Finally, don’t miss the city’s best preserved ancient monument, the Temple of Hephaestus (also called ‘Hephaisteion’), a temple dedicated to Hephaestus. On the south-eastern slope of the Acropolis, discover the theater of Dionysus, the cradle of Greek tragedy, a must-see site. Make sure you visit the Acropolis Museum, located by the southeastern slope of the Acropolis hill, on the ancient road that led up to the “sacred rock” in classical times. Finally, make your way to Philopappos Hill to capture superb views of the Acropolis, the perfect spot to take photos of the ancient citadel. If you get hungry while visiting the Acropolis, we recommend walking a little out of this ultra touristic zone to avoid tourist traps and their gouged prices. We recommend heading to Monastiriki where you’ll have decent options.
For more information on where to eat in Athens : The 7 best areas to eat in Athens
How to visit the Acropolis of Athens?
Visiting the Acropolis of Athens requires some preparation. Make sure you read the essential information regarding the site. Here’s a list of some essential points for you to remember:
- A visit lasts for about 2 hours, especially if you want to experience this exceptional historic site fully!
- The best time to visit the Acropolis of Athens is early in the morning (not only will you avoid the crowds, but you’ll also avoid the blazing heat during the summer season). Alternatively, you can arrive in the late afternoon, before the entrance to the site closes.
- Concerning accessibility, the Acropolis features toilets for people with reduced mobility, an elevator and a lift (max 160kgs).
- Pets are not allowed on the site
- Visitors will only be allowed to enter the archaeological site with small backpacks and handbags only.
If you’re keen to get an in-depth understanding of the Acropolis in Athens, why not hire the services of a guide? A great way to learn more about the context in which the monuments were built, the history of Athens, Greek mythology and how the Acropolis changed throughout its history. A guided tour with an English guide is possible: English-speaking archaeologists work on the site permanently, and are keen to inform tourists.
You will discover, for example, that the Doric columns of the Parthenon are not straight and rectilinear, but convex. Also, its lines that intersect at right angles are not straight, but curved. This shows the civil engineering genius of Greek architects: they had understood the laws of optics and geometry, and the way the human brain interprets the visual world. You will also learn how the Greeks were able to assemble these massive, heavy marble blocks into columns and drums that would remain standing – at least parts of them – for nearly 2500 years.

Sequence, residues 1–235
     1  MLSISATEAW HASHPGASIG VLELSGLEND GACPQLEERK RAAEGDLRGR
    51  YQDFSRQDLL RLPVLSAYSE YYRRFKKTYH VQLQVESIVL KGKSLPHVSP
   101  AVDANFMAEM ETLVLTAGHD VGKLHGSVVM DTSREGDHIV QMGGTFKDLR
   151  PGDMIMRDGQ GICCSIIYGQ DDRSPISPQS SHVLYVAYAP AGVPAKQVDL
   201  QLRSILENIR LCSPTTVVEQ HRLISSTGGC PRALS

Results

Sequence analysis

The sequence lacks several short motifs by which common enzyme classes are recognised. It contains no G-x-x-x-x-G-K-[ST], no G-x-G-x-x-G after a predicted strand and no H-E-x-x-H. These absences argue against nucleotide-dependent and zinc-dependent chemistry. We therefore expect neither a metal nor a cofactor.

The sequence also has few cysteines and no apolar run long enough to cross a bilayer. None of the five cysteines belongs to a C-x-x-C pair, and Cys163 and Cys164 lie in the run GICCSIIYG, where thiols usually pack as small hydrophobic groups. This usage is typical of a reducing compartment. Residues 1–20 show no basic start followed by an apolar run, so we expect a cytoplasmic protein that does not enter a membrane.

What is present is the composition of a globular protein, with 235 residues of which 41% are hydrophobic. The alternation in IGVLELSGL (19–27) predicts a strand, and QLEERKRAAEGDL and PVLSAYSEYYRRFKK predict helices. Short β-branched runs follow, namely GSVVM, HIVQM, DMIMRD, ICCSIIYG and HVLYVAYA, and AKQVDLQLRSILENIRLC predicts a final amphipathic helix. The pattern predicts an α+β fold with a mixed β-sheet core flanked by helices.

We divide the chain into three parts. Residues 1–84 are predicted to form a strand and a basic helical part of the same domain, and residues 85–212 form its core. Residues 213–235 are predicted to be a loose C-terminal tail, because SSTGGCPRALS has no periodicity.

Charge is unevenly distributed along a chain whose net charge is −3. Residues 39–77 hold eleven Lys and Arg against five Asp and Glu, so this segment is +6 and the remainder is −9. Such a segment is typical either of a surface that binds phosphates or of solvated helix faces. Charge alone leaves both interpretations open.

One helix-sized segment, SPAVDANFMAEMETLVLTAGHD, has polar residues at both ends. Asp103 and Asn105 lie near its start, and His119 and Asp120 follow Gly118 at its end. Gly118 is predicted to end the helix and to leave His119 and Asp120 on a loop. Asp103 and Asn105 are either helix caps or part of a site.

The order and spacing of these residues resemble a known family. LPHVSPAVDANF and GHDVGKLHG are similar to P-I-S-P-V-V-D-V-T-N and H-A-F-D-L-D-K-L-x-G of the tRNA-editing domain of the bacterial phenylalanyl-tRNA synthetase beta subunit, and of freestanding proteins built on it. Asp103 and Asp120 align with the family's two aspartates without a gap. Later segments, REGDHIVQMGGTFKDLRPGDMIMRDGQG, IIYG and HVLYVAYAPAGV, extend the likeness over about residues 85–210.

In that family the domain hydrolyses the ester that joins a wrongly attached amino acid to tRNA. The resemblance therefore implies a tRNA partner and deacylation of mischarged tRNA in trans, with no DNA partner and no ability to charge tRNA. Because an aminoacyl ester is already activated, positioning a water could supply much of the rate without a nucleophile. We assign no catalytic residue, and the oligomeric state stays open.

Of course, you can always opt for a self-guided tour, but in our opinion the Acropolis is one the places where you benefit the most from a knowledgeable guide.
How to get to the Acropolis in Athens?
- By foot. If you’re staying in Athens, you will enjoy easy access to the Acropolis, which sits on a rocky outcrop situated only 15 minutes away from Syntagma Square by foot.
- By metro. If you choose the subway, you’ll have to stop at the “Acropoli” station on line 2, the red line. You’ll find the main entrance to the site on Dionysiou Areopagitou Street. But this entrance promises to be crowded all day long. Alternatively, you can enter the site through the Dionysus Theatre, a much less crowded entryway.
- By bus. Lines 1, 5, 15, 040, and 230 will take you to the Acropolis.
Acropolis of Athens: opening times and rates
The monuments of the Acropolis in Athens are open to the public every day, from 8am to 5pm. Be aware that the Acropolis closes at 3pm on certain public holidays.
The closing days are January 1st, March 25th, May 1st, Easter Sunday, December 25th and 26th.
You can purchase a ticket either on the spot, at the ticket office (but beware of the queue!), or alternatively find a skip-the-line ticket via online booking which spares you along wait, which can be quite unpleasant in the scorching Summer Sun.
The rates are:
- Single ticket full price: $22.
- Single ticket reduced rate: $11.
- Full price combined ticket (tickets for the Acropolis, the Ancient Agora, Keiramikos, Hadrian’s Library, the Roman Agora, the Olympieion, and Aristotle’s Library): $33.
- Combined ticket at a reduced rate: $16.
– Students from outside the European Union (EU) and EU citizens over 65 years of age can benefit from reduced rates. Admission is free for minors under 18 years of age as well as for students from EU Member States.
– Access to the Acropolis is free of charge on the first Sunday of each month from November 1st to March 31st, as well as on October 28th, April 18th, May 18th, March 6th and on the last weekend of September.